Anonymous Gambling Mastermind Pulls Out of Australian Market Because of Rise in Taxes

Date Created: Dec 19
Written by Jerico

A gambling mastermind known only by his nickname “Dr. Nick” has pulled out of the Australian market because of the rise in taxes.

The elusive man has gained quite a reputation for betting $1.38m (AUS$2m) a week on Australian racing. The Australian was actually in charge of a syndicate that placed over AU$100m (or US$69m) worth of bets each and every year. The relatively unknown man was responsible for an estimated 6% of all wagering on horses in the country.

He explained that the rise in taxes and levies that have been recently imposed on bookmakers, which has generated lots of complaints from the industry, as being the reason behind his withdrawal from the Australian market.

The increased taxes that have been imposed on bookmakers are then passed on to customers through diminished odds. It is this change that has greatly impacted how lucrative the market is for “Dr. Nick” and other loaded gamblers like Zeliko Ranogaiec.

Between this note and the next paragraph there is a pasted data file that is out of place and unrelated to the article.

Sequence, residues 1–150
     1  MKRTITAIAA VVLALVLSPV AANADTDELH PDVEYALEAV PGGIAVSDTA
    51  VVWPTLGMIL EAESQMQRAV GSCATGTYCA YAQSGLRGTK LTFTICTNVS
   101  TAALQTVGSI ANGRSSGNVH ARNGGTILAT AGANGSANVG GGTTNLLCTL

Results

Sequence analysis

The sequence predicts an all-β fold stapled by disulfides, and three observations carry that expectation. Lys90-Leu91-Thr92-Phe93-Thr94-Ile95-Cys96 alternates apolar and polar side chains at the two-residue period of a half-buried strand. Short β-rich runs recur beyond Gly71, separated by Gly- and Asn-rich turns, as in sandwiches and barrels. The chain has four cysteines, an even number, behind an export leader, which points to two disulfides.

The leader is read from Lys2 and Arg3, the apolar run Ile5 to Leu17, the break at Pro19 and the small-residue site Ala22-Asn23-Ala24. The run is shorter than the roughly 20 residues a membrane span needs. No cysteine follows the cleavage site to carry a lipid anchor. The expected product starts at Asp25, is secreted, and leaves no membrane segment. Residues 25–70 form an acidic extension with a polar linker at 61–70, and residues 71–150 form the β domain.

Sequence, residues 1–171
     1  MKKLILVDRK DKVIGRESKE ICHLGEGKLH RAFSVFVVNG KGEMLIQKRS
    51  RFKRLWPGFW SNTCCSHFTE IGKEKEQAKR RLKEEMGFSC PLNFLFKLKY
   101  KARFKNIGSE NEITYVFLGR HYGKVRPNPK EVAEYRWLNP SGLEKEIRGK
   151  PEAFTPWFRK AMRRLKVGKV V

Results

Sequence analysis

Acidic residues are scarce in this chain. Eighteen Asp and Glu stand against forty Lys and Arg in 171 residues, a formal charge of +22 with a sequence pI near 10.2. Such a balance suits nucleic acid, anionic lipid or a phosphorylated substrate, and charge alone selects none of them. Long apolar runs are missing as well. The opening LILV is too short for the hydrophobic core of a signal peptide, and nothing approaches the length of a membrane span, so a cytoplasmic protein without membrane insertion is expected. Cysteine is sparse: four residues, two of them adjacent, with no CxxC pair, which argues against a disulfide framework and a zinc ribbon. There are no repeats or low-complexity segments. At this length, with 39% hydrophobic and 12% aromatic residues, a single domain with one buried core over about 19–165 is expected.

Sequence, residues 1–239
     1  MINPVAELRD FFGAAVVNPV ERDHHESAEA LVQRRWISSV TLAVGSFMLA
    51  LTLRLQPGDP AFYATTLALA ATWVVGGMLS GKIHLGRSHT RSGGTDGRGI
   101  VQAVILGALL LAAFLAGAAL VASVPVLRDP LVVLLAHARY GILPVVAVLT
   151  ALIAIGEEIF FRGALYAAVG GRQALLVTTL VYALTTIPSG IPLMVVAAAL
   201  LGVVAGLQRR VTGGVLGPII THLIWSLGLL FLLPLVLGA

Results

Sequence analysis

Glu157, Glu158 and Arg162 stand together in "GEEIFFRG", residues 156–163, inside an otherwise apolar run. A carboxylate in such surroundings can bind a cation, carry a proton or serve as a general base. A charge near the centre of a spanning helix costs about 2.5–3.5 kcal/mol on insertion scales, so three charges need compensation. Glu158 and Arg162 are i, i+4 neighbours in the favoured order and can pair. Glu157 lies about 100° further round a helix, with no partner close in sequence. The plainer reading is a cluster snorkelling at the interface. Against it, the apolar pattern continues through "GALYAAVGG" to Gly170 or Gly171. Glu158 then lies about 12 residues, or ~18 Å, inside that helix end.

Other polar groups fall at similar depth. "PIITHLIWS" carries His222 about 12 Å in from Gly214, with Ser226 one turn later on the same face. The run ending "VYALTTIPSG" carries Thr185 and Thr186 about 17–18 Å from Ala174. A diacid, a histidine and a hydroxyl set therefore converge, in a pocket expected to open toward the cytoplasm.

The Betting Operations Tax Act 2018 was passed last September and came into force in January 1 this year. It was met by lots of criticisms from those operating in the industry. It means that betting operators are liable to pay 15% of net betting revenue in excess of AU$150k (US$104k) each financial year.

Not a lot of information is out there regarding “Dr. Nick” although it has been said that he is originally from Adelaide and now resides in the Channel Islands, off the coast of France. Still, his departure from the world of Australian racing would leave a massive hole, as he had employed a trusted team to oversee his bets.

His various strategies included waiting until the very last few minutes before a race to organize a plunge of huge bets. Such a ploy could easily knock out the exchange that bookmakers were utilizing. This resulted in the odds for horses getting changed in the last few moments before the field was set to race.

While the effects may have been extensive, this method was used surreptitiously with the plunge done through agents who likely never even knew the legendary gambler’s real name.

According to Rob Waterhouse, who is a high-profile bookmaker, the mastermind’s team included “everyone smart in racing.” He also said:

“I imagine all those people are looking for jobs now.”

For Waterhouse and other bookies, they believe that the movement of big gamblers such as “Dr. Nick” would eventually lead to a drop in prize money, with taxes being the biggest issue.

Reports have stated that “Dr. Nick” would now be shifting his focus to the horse racing market in the UK.